Should I give my baby odors to help stimulate it? Yes, just as we stimulate the visual system with a mobile hanging over the crib, we can stimulate the olfactory system by providing the infant with pleasant odors. Babies find some odors naturally pleasant, such as vanilla, lavender and banana. In fact, research shows that infants enjoy playing with scented toys.
However, remember the issue of unimodal and multimodal stimuli. Placing an odor in a crib
(unimodal stimulation – one sensory system stimulated) will not take the place of the baby interacting with a person who provides visual, auditory, somatosensory and olfactory stimulation (multimodal-many sensory systems stimulated). Infancy is an important time for learning, especially learning about the relationships between experiences. For example, it is important for the infant to understand that smelling your odor means you are approaching. It may be confusing for your infant to smell apple odor without learning about where that odor comes from. Remember that a baby must learn that apple smell comes from an apple – would it be confusing for a baby to learn that apple smell comes from eating an apple slice, drinking apple juice and playing with an apple smelling teddy bear. It is great for an infant to smell apple odor and play with apple sauce to experience the temperature, tactile , olfactory and taste. There is lots of learning going on here.

 

 

 

How will I know when my baby does not want the odor? Babies generally make the same facial expressions to odorants as adults do. Therefore, if you are overstimulating your baby with an odor, you may be able to detect this based on the baby’s facial expression. Also, an infant is more easily overstimulated when it is tired, suggesting that you need to be aware of your baby’s readiness to receive stimulation. Overstimulation in the olfactory system is no different than overstimulation in the visual system. When the lights are too bright for a baby, he or she will close its eyes and turn away. A baby’s response to an unwanted odor will be similar.  Overstimulation of any sensory system is not good for a baby and can result in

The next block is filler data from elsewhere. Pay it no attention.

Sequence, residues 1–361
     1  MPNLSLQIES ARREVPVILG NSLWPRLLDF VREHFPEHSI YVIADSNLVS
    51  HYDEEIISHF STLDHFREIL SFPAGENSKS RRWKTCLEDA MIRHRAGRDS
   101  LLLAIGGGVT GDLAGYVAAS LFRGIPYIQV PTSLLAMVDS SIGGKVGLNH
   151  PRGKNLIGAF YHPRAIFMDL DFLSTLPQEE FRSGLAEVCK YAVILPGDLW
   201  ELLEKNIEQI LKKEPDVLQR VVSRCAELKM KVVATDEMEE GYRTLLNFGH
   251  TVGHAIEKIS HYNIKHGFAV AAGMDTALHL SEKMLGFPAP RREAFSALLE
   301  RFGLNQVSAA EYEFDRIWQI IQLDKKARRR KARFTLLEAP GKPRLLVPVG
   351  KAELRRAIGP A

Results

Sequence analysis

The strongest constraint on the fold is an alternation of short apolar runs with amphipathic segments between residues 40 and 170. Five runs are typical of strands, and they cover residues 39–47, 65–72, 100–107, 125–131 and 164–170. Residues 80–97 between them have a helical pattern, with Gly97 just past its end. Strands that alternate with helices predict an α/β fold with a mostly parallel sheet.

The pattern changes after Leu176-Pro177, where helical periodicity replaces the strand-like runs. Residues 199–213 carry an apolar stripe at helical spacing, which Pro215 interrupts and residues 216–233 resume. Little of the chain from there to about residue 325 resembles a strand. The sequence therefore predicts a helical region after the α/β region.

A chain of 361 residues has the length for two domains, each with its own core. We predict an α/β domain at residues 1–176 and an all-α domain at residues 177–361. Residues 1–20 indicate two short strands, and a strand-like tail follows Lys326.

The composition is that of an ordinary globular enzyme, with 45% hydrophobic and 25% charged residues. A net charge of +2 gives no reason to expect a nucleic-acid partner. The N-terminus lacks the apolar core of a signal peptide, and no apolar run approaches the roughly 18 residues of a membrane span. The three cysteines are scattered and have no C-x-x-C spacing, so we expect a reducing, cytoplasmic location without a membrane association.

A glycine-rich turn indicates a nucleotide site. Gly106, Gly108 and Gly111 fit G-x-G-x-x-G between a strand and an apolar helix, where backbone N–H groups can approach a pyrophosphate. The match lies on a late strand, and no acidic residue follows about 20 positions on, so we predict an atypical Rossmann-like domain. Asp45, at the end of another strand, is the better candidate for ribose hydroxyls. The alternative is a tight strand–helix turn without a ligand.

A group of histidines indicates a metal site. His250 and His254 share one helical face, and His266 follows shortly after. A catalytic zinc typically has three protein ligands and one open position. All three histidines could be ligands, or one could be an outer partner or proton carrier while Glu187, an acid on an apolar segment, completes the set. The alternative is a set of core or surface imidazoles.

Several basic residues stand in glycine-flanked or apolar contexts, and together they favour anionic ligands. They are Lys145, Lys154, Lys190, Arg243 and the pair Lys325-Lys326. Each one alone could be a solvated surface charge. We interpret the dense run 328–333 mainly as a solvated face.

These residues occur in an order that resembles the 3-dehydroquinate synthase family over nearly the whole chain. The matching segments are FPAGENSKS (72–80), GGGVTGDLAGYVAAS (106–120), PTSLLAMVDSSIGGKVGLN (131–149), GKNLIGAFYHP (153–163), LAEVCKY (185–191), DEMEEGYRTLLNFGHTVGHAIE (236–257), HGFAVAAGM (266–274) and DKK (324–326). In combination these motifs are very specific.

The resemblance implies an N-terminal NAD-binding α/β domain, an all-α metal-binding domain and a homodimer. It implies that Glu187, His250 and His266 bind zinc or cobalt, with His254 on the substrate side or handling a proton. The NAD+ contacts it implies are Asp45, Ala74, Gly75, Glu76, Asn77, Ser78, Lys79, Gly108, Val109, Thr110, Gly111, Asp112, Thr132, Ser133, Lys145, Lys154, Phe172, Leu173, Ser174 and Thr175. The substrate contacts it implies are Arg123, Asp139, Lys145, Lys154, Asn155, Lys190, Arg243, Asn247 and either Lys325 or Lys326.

stress and excessive stress is not good for infants, children or adults. Due to individual differences in babies, it is important that you be able to read your baby to know when to give more stimulation and when to give less. For optimal normal brain development, an infant must receive the proper amount of sensory stimulation – not too much and not too little.

 

 

 

 

 

Can I give my baby too much odor? Yes, concerning all activities with a baby, more is not necessarily better. While odors can sooth your baby, too much odor can be unpleasant. While babies have a higher threshold for odor detection than adults, if the odor is too strong for you, it is probably too strong

 

 

How is it possible that we can not remember anything about our early life, yet these early odor and taste memories appear so strong? It is true that we do not remember our early life. We do not know the reason for this – perhaps it is because the brain is still developing and there is a great deal of natural elimination of neurons and growth of additional connections on surviving neurons. We also know that early experiences have profound effects on the mature organism but these are not always on a conscious level. Some researchers think that odors going directly to our “old cortex” place odor memories in preverbal state, we have the memories but we simply can not verbalize them. The infant’s brain can actually be anatomically and  physiologically shaped by these early experiences.

 

 

 

References:

 

 

 

http://www.senseofsmell.org/research/R.Sullivan-White-Paper.pdf